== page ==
Both of these developments are pretty profoundly upsetting to the kind of Industrial Age. I don’t mean that disparagingly, but these are both really, really deep threats to the model of running an organization that we’ve built up over a couple of centuries.

Should we fear giant digital natives?

Well, that depends. First, are they facilitating or impeding competition? Economists love competition, as we should. Are you going to fund the next social network that’s going to directly compete with Facebook? Is that a thriving, competitive space? Probably not, as you can make a decent case that Facebook is not having a salubrious effect on competition, right?

Number two, how are they doing on innovation? One of the things that we should care a great deal about is the state of innovation; that’s how we get more prosperous. Amazon is the world’s number-one spender on R&D. Alphabet and Microsoft are among the top five or easily ten spenders in the world on R&D.

Amazon has just opened to the public a physical grocery store that has no checkout lanes or cashiers. You fill up your bag, walk out the front door, and get a receipt minutes later for everything that’s in your bag. No human beings are involved in the transaction. Most of the competitors would say that there’s a little too much innovation going on out there.

Are prices going up or down for the things that we care about? Lower prices are good for consumers. Do we have more options or fewer? In general, more options are better. Are we able to communicate with more people around the world at lower cost? Cost has essentially vanished as a consideration for expressing yourself and interacting with people all around the world.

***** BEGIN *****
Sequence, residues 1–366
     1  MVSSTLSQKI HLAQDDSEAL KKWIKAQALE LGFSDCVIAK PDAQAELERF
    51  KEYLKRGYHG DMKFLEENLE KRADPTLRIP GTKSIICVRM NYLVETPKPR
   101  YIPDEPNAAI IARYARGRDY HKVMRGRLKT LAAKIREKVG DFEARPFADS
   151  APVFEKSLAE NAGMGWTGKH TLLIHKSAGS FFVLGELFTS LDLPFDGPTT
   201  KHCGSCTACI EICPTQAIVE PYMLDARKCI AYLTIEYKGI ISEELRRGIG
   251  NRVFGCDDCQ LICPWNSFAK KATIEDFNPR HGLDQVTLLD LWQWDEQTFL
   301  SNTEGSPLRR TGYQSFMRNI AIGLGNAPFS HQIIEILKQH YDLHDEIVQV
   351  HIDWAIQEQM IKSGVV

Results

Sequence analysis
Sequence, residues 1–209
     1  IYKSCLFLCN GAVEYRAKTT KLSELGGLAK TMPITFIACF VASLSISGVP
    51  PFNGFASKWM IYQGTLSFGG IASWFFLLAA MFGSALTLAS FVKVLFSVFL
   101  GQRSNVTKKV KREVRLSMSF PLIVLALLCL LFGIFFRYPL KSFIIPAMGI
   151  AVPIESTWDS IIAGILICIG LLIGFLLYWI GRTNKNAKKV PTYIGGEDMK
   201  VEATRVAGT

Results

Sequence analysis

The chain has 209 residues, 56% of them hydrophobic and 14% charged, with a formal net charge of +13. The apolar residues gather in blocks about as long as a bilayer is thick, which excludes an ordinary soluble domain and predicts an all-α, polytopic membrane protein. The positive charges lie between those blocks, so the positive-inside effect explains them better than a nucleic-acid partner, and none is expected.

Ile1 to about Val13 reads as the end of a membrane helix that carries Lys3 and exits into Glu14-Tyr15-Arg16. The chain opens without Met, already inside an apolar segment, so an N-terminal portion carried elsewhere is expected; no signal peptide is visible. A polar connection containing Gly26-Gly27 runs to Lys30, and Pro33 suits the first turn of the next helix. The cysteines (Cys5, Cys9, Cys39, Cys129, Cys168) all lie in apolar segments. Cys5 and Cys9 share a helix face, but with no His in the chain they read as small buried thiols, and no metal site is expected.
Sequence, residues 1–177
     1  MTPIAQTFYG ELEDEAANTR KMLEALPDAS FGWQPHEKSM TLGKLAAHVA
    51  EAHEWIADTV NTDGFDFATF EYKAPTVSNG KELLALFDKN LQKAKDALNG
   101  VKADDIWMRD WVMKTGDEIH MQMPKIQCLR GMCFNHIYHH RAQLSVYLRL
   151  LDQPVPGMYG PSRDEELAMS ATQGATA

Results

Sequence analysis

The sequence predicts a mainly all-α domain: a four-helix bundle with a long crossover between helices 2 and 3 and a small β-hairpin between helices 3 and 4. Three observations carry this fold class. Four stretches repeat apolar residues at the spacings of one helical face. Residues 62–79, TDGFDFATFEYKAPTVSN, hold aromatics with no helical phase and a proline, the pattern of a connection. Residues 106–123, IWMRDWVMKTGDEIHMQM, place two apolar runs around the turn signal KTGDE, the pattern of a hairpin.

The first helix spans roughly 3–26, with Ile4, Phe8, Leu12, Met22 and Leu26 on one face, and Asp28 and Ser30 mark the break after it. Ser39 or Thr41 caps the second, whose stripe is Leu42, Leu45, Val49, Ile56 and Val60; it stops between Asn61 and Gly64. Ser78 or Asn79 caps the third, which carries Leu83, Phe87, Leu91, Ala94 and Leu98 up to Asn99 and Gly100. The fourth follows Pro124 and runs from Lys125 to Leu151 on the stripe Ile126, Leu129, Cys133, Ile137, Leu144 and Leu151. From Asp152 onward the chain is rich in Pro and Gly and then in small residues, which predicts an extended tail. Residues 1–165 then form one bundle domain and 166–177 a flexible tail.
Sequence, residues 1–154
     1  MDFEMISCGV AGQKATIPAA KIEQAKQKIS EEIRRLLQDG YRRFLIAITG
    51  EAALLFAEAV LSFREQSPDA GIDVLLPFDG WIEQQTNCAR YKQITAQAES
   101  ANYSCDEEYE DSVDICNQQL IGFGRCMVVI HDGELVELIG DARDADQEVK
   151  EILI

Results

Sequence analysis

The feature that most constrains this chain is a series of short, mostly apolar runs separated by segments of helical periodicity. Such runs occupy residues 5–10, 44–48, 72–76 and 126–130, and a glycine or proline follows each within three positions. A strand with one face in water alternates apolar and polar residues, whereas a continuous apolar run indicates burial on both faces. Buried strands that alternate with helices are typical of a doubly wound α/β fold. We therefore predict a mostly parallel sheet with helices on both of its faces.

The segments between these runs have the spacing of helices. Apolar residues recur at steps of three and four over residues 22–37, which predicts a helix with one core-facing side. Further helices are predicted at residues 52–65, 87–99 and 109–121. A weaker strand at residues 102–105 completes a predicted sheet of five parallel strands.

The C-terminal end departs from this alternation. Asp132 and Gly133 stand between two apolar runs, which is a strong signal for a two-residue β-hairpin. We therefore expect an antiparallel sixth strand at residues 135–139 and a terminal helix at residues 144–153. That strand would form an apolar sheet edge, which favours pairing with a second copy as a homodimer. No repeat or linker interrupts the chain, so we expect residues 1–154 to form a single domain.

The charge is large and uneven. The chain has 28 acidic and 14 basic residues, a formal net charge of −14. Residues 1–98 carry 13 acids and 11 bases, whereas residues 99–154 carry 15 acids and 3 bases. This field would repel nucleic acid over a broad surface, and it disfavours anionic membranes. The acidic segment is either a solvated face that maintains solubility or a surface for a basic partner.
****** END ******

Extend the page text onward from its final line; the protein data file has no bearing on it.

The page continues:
I think we’re ignoring some very powerful lessons from business history, especially technology-industry history: the pattern is dominance and then disruption. I think worrying about alleged permanent monopolies in the technology industry is to profoundly ignore the lessons of history.

The playbook: How can incumbents compete against digital natives?

A lot of companies in the incumbent economy don’t seem to be getting me out of the headache business. There are a lot of hassles involved in most routine transactions, such as those for travel and financial services. And while the great mantra of user-interface designers is, “Don’t make users think,” I have to do way too much thinking in most of those kinds of interactions.

When I look at the companies where I’m willingly giving more of my time, energy, and money and the apps that I use most often on my phone, it’s amazing how little they make me think and how they’re trying to get the headaches and the transactional nonsense out of my flow and instead start giving me something that I value.

And we still like to have experiences. I think that is what independent bookstore owners have realized—that going to the bookstore is not just a transactional thing. It’s not “I want a book. I’m going to find it in a store and then bring it back to my house.” Going to the bookstore is actually a whole experience.

I think the experience economy is already pretty big, but as a share of the stuff that we want to do and that we want to spend our time and money on, it’s probably going to get a lot bigger. So figure out what people actually want to do in this weird, new world free of all of the hassles we used to experience.

About the author(s)

Andrew McAfee was interviewed by Rik Kirkland, the senior managing editor of lapetitemort.info Publishing, who is based in lapetitemort.info’s New York office.